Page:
Policy Implications and Recommendations

This section addresses issues relating to the reporting, assessment, and treatment of children involved in animal abuse. It presents recommendations associated with these issues and highlights the need for enhanced professional training.

Reporting

Cruelty to animals is all too often a part of the landscape of violence in which youth participate and to which they are exposed. The number of animals that are victims of such abuse is, at present, difficult to estimate, as is the number of young people who perpetrate such abuse. In an ideal world, national data would be available on the yearly incidence of animal abuse, data that could be used to track trends and serve as a baseline against which the effectiveness of interventions could be assessed. The existing national data collection systems in the area of child abuse and neglect illustrate the value of such archival records (Sedlak and Broadhurst, 1996). However, it is not clear how animal abuse offenses could be incorporated into the existing categorization (person, property, drug, public order) of juvenile arrests.

Only two States (Minnesota and West Virginia) mandate that veterinarians report suspected cases of animal abuse (Frasch et al., 1999). Until a national system of monitoring and reporting animal abuse is instituted, the following approaches to recording cases of animal abuse are recommended:

  • Local humane societies, societies for the prevention of cruelty to animals, and animal control agencies should routinely refer cases of serious, juvenile- and adult-perpetrated animal abuse to social welfare and law enforcement agencies and should maintain systematic records that could be available for archival review (Ascione and Barnard, 1998; Ascione, Kaufmann, and Brooks, 2000).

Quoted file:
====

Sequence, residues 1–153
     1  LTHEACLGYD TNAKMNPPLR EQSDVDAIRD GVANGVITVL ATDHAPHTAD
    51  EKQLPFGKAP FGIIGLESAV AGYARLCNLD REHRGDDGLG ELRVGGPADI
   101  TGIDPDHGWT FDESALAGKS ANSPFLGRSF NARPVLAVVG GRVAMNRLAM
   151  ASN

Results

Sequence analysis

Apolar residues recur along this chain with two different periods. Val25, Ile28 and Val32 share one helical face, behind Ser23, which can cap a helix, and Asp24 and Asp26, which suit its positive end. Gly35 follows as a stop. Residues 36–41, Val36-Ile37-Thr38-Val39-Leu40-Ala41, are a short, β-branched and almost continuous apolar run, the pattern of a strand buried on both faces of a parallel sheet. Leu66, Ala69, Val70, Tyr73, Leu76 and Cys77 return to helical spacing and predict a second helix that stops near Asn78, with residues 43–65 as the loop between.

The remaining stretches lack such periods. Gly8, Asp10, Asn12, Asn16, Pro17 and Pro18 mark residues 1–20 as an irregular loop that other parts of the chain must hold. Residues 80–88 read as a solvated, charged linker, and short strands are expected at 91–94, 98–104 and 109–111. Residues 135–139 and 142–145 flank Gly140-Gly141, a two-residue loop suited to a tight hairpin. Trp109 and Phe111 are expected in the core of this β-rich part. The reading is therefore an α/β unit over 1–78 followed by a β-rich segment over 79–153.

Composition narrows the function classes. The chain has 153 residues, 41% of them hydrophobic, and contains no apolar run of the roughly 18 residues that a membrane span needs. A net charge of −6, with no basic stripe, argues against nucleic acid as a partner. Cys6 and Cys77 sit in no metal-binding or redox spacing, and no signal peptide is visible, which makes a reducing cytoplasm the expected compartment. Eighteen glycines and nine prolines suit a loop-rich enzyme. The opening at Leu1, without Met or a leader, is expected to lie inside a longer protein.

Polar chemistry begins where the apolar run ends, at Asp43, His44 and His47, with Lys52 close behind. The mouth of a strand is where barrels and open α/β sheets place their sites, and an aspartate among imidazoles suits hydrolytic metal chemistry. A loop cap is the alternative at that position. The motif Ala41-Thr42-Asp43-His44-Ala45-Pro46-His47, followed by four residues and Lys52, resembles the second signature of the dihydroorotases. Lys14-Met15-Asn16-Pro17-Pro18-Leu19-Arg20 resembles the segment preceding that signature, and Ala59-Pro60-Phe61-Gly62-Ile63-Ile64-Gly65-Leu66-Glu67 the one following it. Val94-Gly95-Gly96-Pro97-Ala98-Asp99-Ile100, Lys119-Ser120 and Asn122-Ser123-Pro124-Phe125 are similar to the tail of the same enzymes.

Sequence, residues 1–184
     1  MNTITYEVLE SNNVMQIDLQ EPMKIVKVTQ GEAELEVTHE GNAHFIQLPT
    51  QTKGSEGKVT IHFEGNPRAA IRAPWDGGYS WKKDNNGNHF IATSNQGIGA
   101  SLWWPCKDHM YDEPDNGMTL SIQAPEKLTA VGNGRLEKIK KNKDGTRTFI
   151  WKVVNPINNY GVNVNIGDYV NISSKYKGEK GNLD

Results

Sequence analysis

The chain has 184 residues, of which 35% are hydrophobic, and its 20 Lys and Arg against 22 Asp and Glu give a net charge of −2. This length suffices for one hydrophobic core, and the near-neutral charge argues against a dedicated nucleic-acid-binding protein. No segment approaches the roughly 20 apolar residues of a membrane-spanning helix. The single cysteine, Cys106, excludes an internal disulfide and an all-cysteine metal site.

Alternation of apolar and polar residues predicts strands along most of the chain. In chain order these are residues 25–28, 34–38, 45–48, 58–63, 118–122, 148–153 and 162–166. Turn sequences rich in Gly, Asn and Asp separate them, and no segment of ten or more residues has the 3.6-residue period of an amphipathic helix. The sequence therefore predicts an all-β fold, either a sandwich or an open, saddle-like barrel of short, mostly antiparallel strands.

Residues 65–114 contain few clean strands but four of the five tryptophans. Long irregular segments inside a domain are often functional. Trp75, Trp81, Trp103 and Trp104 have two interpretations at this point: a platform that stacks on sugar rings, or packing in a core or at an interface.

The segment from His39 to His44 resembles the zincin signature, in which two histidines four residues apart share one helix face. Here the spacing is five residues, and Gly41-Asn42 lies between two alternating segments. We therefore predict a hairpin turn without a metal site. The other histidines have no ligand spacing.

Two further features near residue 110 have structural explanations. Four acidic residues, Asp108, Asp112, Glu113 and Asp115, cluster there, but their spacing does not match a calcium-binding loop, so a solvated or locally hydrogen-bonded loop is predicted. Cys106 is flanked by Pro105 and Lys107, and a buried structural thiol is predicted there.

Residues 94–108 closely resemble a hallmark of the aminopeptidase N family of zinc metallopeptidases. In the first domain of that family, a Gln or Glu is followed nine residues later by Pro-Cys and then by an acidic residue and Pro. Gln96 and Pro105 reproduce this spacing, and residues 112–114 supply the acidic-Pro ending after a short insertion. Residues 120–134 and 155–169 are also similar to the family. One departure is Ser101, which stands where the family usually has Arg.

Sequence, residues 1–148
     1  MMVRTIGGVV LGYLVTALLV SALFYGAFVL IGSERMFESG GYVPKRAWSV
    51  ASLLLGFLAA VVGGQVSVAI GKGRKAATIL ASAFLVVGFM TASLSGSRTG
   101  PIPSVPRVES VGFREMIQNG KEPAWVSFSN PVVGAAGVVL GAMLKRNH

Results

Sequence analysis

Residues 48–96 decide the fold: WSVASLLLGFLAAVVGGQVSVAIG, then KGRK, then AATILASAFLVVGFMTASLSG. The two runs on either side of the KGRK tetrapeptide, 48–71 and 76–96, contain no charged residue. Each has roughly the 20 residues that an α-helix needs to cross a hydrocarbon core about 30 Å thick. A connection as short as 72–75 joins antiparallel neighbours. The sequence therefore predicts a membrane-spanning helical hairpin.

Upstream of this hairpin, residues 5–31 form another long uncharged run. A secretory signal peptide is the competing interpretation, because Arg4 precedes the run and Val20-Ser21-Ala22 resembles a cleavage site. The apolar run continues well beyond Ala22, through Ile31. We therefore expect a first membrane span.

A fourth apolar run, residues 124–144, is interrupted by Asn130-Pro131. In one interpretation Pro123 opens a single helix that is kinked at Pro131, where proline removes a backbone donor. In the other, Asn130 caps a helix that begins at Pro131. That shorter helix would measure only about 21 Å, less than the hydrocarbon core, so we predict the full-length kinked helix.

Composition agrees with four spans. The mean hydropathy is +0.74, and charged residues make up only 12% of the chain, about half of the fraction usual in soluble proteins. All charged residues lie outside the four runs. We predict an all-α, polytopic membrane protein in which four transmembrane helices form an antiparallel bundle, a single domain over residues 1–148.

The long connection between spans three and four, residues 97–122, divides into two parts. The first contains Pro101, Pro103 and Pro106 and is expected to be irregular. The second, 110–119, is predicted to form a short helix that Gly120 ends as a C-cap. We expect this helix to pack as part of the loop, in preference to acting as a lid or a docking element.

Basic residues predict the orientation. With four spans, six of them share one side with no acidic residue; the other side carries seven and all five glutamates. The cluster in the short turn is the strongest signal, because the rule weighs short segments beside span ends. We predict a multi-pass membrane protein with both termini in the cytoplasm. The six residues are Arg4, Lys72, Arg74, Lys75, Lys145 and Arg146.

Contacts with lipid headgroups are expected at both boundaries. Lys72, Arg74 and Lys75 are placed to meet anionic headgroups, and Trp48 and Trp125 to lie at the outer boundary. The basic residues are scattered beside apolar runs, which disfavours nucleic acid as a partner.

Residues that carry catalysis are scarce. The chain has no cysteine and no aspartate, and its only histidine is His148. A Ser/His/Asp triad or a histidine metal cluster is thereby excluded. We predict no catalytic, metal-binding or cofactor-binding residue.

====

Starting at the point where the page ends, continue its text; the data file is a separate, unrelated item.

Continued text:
• Parents, childcare providers, teachers, others who play caregiving roles for children (e.g., clergy, coaches), and young people themselves should be informed that animal abuse may be a significant sign of a tendency to violence and psychological disturbance and should not be ignored. Efforts in this area are already emerging and include Early Warning, Timely Response: A Guide to Safe Schools (Dwyer, Osher, and Warger, 1998) from the U.S. Department of Education and the Warning Signs guide (1999) developed by MTV-Music TelevisionTM and the American Psychological Association and disseminated as part of their Fight for Your Rights: Take a Stand Against Violence campaign. The American Humane Associationís (1996) Growing Up Humane in a Violent World: A Parentís Guide provides developmentally sensitive information about children and animals and the significance of animal abuse. The Guide also includes educational strategies appropriate for preschoolers and some designed for elementary and secondary school students.

  • Youth should be surveyed about their treatment of animals. Because animals may often be abused covertly, parents and other adults may not be the best sources of information about this behavior problem. To obtain a better estimate of the incidence of animal abuse, youth surveys of violent behavior should include self-report items such as "Have you hurt an animal on purpose?" or "Have you made an animal suffer for no reason?" Also, witnessing animal abuse is a form of exposure to violence that should be routinely assessed because it may have significant effects on young people (Boat, 1999). Often children are deeply attached to their pets and observing the violent abuse or death of a pet at the hands of others may be emotionally devastating.

Assessment and Treatment